“The Pain of Giving Reproof”

by Rabbi Ephraim Z. Buchwald

On Sunday, July 8th, Jews the world over observed the fast of Shivah Asar B’Tamuz, the Seventeenth day of Tamuz. The fast marks the day in the year 586 B.C.E. when the Babylonian army made its first breach in the walls of Jerusalem during the siege that ultimately led to the destruction of the Temple, on Tisha ba’av, the Ninth of Av. The period between Shivah Asar B’Tamuz and Tisha ba’av is known as the “Three Weeks.” During these three weeks we limit our rejoicing and begin to get into the mourning mode. The communal mourning becomes amplified during the nine days that precede Tisha ba’av, and becomes most intense on the fast of Tisha ba’av, which this year will be observed on Saturday night, July 28th through Sunday night, July 29th.

In order to create the appropriate atmosphere in anticipation of the Temples’ destruction, the sages ordained that the haftorot, the prophetic messages read on the Shabbatot between the Seventeenth of Tamuz and the Ninth of Av, should be prophecies that predict the destruction of the first Temple. Consequently, the opening chapters of Jeremiah and Isaiah are read. These three haftorot are known as Shalosh Dipuranuta, the three prophecies of calamity. Each prophecy predicts the great destruction that will take place and the punishments that would be visited upon Israel due to their sinfulness.

The haftorah for parashat Pinchas consists of the entire first chapter of Jeremiah and continues through the first three verses of chapter 2. The Book of Jeremiah opens with a description of G-d’s selection of Jeremiah to be a prophet. Jeremiah is reluctant to prophesy, claiming that since he is but a lad he is unqualified. G-d touches his mouth and tells Jeremiah to have no fear; after all, G-d will put His words into the prophet’s mouth.

The first prophecy of Jeremiah concerns an almond-wood staff that G-d shows him. The second prophecy concerns a boiling cauldron that is bubbling over from its northern side. G-d explains that the boiling cauldron represents the evil that will burst forth from the north, symbolizing that the Babylonians will emerge from the north and bring great destruction in their wake.

The prophecy of the burning cauldron is quite straightforward. However, the opening prophecy of the almond-wood staff is unusually perplexing. In Jeremiah 1:11, G-d says to the prophet, “Mah ah’tah ro’eh, Yirmiyahu?” What do you see, Jeremiah? “V’oh’mar, mah’kayl sha’kaid ah’nee roh’eh,” and I said, I see a staff made of almond-wood. Verse 12: “Va’yomer Hashem ay’lay,” G-d said to me, says the prophet, “Hay’tav’tah lir’ot,” you have seen very well, “Kee sho’ked anee al d’va’ree la’ah’soh’toh,” for I will hasten to fulfill My word!

Clearly the representational message of the almond-wood staff is the message of “speed.” Since the almond is the first fruit to ripen in Israel, it symbolizes speed and alacrity–that G-d will hasten to bring the ominous fulfillment of His prophecy of destruction upon the Jewish people. But the question remains, why does G-d say, “Hay’tav’tah lir’ot,” Jeremiah, you have seen very well? After all, what was so special about Jeremiah being able to identify an almond-wood staff?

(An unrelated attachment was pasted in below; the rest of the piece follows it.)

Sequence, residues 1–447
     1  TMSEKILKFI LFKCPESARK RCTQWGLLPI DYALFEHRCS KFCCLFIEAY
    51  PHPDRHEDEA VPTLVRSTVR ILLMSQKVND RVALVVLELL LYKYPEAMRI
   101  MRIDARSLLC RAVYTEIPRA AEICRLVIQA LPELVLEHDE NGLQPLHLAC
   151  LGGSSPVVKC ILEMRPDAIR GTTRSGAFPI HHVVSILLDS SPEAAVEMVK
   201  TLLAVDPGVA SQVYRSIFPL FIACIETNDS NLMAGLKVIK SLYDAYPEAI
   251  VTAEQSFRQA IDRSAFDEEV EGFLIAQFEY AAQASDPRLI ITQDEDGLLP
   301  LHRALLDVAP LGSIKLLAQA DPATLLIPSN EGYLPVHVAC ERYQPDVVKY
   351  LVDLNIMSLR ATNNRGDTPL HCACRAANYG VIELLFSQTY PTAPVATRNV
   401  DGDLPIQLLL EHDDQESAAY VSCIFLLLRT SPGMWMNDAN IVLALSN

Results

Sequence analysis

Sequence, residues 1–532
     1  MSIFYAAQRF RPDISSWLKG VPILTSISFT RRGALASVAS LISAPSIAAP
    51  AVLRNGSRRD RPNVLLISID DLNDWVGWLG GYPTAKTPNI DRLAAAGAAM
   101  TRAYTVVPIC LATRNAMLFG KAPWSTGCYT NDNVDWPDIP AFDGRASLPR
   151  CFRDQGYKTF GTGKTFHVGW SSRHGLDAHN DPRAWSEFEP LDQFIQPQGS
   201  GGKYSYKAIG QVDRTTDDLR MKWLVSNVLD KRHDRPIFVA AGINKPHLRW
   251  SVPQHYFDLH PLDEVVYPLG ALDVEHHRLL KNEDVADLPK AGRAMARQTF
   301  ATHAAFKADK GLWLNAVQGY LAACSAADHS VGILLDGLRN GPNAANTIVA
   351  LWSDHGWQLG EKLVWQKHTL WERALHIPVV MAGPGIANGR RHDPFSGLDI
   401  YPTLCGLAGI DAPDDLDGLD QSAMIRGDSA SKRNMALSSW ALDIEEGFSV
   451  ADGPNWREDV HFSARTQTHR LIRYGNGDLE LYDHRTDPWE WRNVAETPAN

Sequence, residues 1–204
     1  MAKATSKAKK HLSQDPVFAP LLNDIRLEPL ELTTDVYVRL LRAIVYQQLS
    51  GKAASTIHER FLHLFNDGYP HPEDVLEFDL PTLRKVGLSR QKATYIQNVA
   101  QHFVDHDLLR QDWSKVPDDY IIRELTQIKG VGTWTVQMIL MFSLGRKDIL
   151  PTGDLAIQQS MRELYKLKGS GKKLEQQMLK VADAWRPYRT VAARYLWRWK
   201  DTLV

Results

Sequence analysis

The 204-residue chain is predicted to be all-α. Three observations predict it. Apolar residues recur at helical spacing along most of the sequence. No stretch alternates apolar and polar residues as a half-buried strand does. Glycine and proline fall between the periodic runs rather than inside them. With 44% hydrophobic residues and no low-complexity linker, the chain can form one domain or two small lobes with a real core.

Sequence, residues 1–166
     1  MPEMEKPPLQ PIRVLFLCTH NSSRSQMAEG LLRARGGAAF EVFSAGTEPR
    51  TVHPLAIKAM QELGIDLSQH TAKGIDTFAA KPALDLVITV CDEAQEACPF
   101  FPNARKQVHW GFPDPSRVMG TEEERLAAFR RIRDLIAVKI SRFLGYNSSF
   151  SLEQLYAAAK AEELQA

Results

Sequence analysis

May I suggest a possible explanation. A “staff” is a finished piece of wood. Once the wood is finished, sanded and planed, it is very difficult to distinguish between almond, pine or other varieties of wood. G-d therefore compliments Jeremiah, saying, “Hay’tav’tah lir’ot,” You have seen very well. By being able to distinguish that the staff is specifically almond, you have enabled me to clarify my message of speed. This was no easy task. You, Jeremiah, are quite talented.

Good and well, but this raises another question: why didn’t G-d show Jeremiah an aitz sha’kaid, an almond-wood branch with leaves and bark? That would have made it far easier for Jeremiah to recognize the wood’s origin.

Once again, perhaps that is exactly the point. The message that Jeremiah will deliver to the people is a message of destruction and despair, a message of pain and death. Such a bitter message must be difficult for the prophet to deliver. Just as it is difficult for the prophet to identify the almond-tree staff, so must it be difficult to deliver words of calamity. As much as G-d needs to bring the punishment upon the Jewish people, He cannot do it with ease. Neither can the prophet who conveys G-d’s message rejoice in being the messenger of G-d. While Jeremiah is certainly a prophet of doom, he may not be a joyful prophet of doom. True, the evil will befall the people, but Jeremiah must share their pain. If he doesn’t share their pain, then he’s hardly a legitimate prophet.

For us, this is a profound lesson of life, whether the issues concern Jews or non-Jews, whether we’re dealing with the land of Israel or other people in various parts of the world. Even if we speak of those who seemingly deserve to be punished, for the Jew, the message of suffering can never be a joyous message. Says the book of Proverbs–Mishlei (24:17), “Bin’fol oy’veh’chah al tis’mach.” When your enemy falters, don’t rejoice. As much as we would like to rejoice (or even deserve to rejoice), don’t rejoice. It should be difficult for Jews to see even our most deserving enemies punished.

That is the bottom line of Judaism–the revered Jewish concept of the sanctity of human life. That’s why G-d had to stop the ancient Israelites from singing the Hallel, the Songs of Praise of G-d, as the Egyptians drowned. It’s our tradition. Fortunate are we to be the possessors of that remarkable tradition. The alternative would be unthinkable.

May you be blessed.